There are many determinants of mental health in addition to mental health promotion activities which are common across the lifespan and not specific to any particular age group. Conversely however, there are also a number of factors which pose a challenge to wellness and mental health at specific stages in the lifespan. Consequently, this section will briefly identify some challenges to mental health and wellness across the lifespan.

Before reading on in this unit, identify what you believe might impact on mental health and wellness across the lifespan in:

Click here to connect to a recent Australian literature review on increasing student well-being in schools.

Wellness and the related concept of positive psychology, with its focus on well-being and ‘flourishing’ (Boiler et al, 2013) are just as relevant to those with mental health problems as to those without. As previously identified, it is possible to be moderately mentally healthy or even flourishing in the presence of an on-going mental health problem (Slade, 2010). Whether working in a primary, secondary or tertiary mental health promoting capacity, mental health nurses can utilize evidence-based wellness tools to increase mental health self-efficacy and self-management of wellbeing in the people they work with. The following are examples of some wellness tools which can be implemented into mental health nursing practice:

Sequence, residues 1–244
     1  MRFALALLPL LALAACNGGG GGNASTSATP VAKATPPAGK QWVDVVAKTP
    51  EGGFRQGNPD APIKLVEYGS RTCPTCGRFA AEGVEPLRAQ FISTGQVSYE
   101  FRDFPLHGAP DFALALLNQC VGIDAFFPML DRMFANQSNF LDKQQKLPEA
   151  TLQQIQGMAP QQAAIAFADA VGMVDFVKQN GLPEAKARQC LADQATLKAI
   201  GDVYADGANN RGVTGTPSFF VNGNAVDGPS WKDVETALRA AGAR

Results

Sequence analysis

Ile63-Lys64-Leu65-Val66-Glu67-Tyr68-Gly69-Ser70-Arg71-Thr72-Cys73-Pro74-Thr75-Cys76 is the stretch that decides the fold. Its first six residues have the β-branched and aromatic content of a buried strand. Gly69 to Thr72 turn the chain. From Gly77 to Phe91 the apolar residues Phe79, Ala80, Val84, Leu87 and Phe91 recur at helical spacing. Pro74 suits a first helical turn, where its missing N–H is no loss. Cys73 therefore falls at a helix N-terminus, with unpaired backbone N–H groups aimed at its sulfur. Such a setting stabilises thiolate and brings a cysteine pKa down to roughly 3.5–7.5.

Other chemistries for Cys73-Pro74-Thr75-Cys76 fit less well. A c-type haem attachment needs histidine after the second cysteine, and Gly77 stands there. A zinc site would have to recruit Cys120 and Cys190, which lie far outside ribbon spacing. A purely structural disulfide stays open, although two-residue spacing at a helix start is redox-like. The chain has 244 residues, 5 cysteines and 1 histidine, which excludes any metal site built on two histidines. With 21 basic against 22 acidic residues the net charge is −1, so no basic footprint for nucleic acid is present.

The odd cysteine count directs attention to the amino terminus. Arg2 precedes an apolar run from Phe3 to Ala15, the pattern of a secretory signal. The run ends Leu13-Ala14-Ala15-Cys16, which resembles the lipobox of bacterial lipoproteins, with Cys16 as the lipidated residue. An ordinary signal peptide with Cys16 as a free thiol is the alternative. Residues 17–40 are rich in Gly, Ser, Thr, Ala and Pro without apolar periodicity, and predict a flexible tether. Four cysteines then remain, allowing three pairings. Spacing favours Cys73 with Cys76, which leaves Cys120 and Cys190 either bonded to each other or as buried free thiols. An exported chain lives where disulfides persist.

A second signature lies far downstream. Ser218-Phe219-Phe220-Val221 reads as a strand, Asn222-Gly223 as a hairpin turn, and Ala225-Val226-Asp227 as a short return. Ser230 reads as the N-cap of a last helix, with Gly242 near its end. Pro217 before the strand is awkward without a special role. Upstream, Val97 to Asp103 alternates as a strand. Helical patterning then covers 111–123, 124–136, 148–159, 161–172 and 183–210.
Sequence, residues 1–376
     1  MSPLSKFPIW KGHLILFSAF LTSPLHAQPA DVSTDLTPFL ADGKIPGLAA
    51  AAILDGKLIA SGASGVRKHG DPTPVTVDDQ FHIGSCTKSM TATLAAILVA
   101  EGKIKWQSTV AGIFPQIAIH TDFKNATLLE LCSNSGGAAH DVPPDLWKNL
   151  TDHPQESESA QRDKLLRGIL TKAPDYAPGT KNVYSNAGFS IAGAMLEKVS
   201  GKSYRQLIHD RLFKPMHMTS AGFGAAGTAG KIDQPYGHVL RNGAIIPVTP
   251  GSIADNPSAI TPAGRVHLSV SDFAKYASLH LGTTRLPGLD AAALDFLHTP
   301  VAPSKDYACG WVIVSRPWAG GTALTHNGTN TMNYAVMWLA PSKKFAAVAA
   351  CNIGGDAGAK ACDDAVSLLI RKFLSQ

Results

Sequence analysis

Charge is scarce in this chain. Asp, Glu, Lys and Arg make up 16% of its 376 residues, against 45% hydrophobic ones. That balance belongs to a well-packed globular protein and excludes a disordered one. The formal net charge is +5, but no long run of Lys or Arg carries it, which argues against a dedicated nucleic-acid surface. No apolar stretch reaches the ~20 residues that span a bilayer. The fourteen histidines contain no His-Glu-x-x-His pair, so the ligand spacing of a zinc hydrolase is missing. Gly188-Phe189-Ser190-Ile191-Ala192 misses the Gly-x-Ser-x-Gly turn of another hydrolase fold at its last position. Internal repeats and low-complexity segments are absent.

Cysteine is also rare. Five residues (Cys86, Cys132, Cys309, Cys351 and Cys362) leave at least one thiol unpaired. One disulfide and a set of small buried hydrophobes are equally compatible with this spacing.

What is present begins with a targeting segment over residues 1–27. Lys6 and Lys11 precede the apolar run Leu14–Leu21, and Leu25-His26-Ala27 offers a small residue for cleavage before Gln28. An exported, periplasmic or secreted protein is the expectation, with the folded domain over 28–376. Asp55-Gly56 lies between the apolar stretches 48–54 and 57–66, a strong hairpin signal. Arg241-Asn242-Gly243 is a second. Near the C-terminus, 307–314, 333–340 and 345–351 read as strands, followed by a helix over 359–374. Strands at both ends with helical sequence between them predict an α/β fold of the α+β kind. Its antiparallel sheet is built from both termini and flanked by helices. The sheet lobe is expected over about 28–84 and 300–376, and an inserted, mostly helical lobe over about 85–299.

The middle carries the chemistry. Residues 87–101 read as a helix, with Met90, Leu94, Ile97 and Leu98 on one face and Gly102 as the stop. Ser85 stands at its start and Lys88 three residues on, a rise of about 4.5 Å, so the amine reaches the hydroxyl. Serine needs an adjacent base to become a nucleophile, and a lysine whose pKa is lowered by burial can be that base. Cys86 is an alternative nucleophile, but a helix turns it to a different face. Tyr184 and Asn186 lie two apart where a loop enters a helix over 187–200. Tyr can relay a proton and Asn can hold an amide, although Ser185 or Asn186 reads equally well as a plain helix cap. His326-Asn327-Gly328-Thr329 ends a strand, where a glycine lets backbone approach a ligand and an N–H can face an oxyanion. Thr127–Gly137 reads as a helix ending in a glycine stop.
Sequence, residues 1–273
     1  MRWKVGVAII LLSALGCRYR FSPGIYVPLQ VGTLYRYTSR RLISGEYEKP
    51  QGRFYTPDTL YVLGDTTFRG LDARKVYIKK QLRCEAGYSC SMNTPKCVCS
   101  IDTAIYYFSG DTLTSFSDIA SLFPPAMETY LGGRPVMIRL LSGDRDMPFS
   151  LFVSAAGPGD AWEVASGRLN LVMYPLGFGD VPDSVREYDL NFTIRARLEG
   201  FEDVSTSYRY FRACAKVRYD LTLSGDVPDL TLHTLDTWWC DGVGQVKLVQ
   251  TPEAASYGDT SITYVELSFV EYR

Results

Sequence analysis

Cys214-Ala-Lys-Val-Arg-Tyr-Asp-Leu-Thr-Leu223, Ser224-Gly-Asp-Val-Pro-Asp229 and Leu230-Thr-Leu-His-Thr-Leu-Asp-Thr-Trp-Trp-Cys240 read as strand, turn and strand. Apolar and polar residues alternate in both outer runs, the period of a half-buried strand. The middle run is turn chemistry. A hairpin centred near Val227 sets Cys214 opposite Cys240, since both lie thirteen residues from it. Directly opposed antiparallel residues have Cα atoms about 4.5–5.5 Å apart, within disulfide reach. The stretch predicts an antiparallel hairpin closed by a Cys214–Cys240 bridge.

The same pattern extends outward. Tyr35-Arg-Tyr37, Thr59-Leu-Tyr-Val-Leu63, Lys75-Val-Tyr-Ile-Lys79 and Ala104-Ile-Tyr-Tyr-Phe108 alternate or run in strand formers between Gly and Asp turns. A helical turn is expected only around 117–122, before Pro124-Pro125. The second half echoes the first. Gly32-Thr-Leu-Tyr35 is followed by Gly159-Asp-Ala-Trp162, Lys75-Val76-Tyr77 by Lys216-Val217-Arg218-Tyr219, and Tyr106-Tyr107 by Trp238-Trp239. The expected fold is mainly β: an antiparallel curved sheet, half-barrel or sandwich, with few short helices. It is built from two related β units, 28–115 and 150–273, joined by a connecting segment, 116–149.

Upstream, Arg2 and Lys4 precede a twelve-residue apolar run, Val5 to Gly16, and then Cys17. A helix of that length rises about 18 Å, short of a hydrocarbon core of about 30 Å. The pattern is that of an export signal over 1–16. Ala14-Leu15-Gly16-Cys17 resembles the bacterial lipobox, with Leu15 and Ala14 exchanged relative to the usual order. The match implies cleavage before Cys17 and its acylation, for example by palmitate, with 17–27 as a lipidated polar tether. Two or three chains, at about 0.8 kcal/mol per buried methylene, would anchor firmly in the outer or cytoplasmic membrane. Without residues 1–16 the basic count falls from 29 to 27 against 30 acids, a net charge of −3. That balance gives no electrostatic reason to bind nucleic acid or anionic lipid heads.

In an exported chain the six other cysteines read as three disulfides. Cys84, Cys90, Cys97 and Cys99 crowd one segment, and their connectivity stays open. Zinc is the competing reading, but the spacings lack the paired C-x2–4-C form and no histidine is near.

Identifying stress and responding to triggers: Stress affects everybody at different times in our lives and to varying degrees. A little stress is required to keep motivated and prevent becoming bored. However excess stress and a maladaptive response to it can cause significant difficulties for many people. Signs and symptoms of stress can impact all areas of wellbeing including physical, emotional, behavioural and cognitive areas in varied ways. Identifying stress triggers enables individuals to make changes to minimise exposure to these triggers or to minimize their effect on the individual by changing the stress response. One of the most common ways of dealing with stress is to use calming techniques such as meditation and mindfulness. More detailed information on mindfulness is presented below in the next section.